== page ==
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Unfortunately, not all of the hip-hop references succeed—some fall flat or feel forced, like the Gang Starr quote mentioned above, and a line Diamondback has in Episode 11: “Look, I’m spittin’ off the dome, it’s true, but I haven’t had a misplaced rhyme yet.” In hip-hop parlance, “spittin’ off the dome” is a metaphor for improvising in a given situation. The problem is, Diamondback is the only one speaking hip-hop in this scene, so it sounds out of place.

While hip-hop in Luke Cage is a fantastic concept with uneven results, the show’s script is a major weakness in many areas: it is all over the place, and not in a good way. Backstories are pitifully absent or misplaced for principal characters. First, Luke’s sidekick Claire: we see no history that has informed her trajectory. Claire makes almost no sense when the audience has no context for how their relationship began. All we know is that Claire nursed Luke back to health at some point after he escaped from prison; we don’t know why she is so committed to helping him, and that motivation never becomes clear during the season. Despite her importance to the story in the second half of the season, her character’s development is very limited—she seems to be a nurse version of Luke’s superhero, but there is no depth. A particularly ridiculous scene in Episode 9 involved her taking control of Luke’s “treatment” at Dr. Burstein’s house while the “expert” just stood aside and let her do almost everything. Even the most competent of nurses should not believably possess a greater depth of knowledge about chemistry and physics than a doctor who has dedicated his life to this type of research.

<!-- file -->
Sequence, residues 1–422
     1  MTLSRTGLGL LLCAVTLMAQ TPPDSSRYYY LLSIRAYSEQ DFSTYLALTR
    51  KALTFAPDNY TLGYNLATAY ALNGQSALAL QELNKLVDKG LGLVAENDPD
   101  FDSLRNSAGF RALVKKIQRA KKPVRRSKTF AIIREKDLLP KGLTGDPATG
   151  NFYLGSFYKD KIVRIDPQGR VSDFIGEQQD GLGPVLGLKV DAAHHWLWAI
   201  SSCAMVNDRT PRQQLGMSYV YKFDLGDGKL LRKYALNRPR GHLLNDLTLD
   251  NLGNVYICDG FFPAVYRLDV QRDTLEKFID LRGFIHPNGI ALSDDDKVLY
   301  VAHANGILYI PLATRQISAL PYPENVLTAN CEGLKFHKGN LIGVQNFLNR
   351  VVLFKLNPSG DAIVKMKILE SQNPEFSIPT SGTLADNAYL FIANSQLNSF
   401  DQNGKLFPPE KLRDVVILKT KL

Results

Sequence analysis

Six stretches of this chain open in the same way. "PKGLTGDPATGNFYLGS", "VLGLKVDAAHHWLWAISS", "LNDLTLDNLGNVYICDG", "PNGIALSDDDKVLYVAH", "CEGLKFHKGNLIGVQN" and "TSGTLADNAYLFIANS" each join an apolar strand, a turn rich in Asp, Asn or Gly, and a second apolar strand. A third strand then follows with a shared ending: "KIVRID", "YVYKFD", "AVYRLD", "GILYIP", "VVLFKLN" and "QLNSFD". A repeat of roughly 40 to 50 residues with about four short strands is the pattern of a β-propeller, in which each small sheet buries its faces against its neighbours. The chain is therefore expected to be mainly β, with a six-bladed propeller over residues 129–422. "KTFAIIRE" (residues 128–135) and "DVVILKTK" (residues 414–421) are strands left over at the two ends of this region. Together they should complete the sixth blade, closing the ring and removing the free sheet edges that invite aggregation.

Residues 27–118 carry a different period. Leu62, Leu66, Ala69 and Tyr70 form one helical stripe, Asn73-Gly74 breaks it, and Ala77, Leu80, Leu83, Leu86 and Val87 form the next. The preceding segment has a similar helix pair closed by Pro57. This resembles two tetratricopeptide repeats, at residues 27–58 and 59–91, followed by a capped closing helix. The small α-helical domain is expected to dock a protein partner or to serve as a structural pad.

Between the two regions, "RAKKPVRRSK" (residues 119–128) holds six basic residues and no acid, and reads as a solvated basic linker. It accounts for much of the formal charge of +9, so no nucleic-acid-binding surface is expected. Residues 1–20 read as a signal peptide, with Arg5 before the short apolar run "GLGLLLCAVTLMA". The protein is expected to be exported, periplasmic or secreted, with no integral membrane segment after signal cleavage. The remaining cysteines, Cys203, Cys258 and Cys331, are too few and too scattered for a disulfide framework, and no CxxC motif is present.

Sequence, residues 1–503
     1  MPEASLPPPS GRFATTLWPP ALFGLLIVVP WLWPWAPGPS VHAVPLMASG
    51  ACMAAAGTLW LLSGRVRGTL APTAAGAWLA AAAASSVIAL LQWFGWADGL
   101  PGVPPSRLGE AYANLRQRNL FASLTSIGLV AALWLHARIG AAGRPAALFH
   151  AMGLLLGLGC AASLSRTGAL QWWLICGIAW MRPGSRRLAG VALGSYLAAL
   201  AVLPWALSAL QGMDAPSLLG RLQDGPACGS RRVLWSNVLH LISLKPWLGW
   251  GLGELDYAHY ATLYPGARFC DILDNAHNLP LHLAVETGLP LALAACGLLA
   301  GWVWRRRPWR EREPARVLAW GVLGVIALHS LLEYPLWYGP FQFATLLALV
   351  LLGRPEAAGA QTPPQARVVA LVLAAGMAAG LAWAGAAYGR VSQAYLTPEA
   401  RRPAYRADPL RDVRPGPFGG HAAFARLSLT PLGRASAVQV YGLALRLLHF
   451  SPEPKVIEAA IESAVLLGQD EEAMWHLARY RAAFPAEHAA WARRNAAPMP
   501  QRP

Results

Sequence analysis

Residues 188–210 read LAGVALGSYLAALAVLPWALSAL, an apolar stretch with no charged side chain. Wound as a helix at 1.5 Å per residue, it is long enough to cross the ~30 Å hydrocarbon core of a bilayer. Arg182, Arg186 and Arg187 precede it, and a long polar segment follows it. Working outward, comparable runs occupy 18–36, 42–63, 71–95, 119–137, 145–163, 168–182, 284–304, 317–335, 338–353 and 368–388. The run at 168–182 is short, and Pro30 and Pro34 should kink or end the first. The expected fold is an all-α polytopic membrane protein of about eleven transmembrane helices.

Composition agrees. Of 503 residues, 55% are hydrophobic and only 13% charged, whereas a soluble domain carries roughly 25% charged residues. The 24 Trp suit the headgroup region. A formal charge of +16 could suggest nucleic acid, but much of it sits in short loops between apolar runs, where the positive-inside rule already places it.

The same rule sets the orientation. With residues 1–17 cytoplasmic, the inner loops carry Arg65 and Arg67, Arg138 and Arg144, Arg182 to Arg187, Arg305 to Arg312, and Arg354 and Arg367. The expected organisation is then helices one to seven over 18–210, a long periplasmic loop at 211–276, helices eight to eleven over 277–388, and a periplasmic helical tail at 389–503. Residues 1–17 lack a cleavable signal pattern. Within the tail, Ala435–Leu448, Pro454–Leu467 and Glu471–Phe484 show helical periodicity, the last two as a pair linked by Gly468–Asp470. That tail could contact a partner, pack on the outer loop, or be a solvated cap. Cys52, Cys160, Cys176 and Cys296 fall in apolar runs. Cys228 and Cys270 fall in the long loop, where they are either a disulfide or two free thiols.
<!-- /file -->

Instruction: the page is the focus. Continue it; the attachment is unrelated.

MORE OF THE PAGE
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Some characters do get a backstory. Episode 7, which features lengthy flashbacks to the childhood of Cottonmouth and Mariah, is one of the strongest of the season. We learn how Cottonmouth was reluctantly initiated into the organized crime syndicate led by his grandmother, Mama Mabel, sacrificing his dreams of becoming a musician. It is primarily this episode, and his shocking and untimely murder by Mariah, that leaves the audience with an impression that this character was not all bad. It is also, of course, the wonderful embodiment of this character by Mahershala Ali, who is the standout actor in this ensemble cast, and the only one who I perceived as fully committed to his role.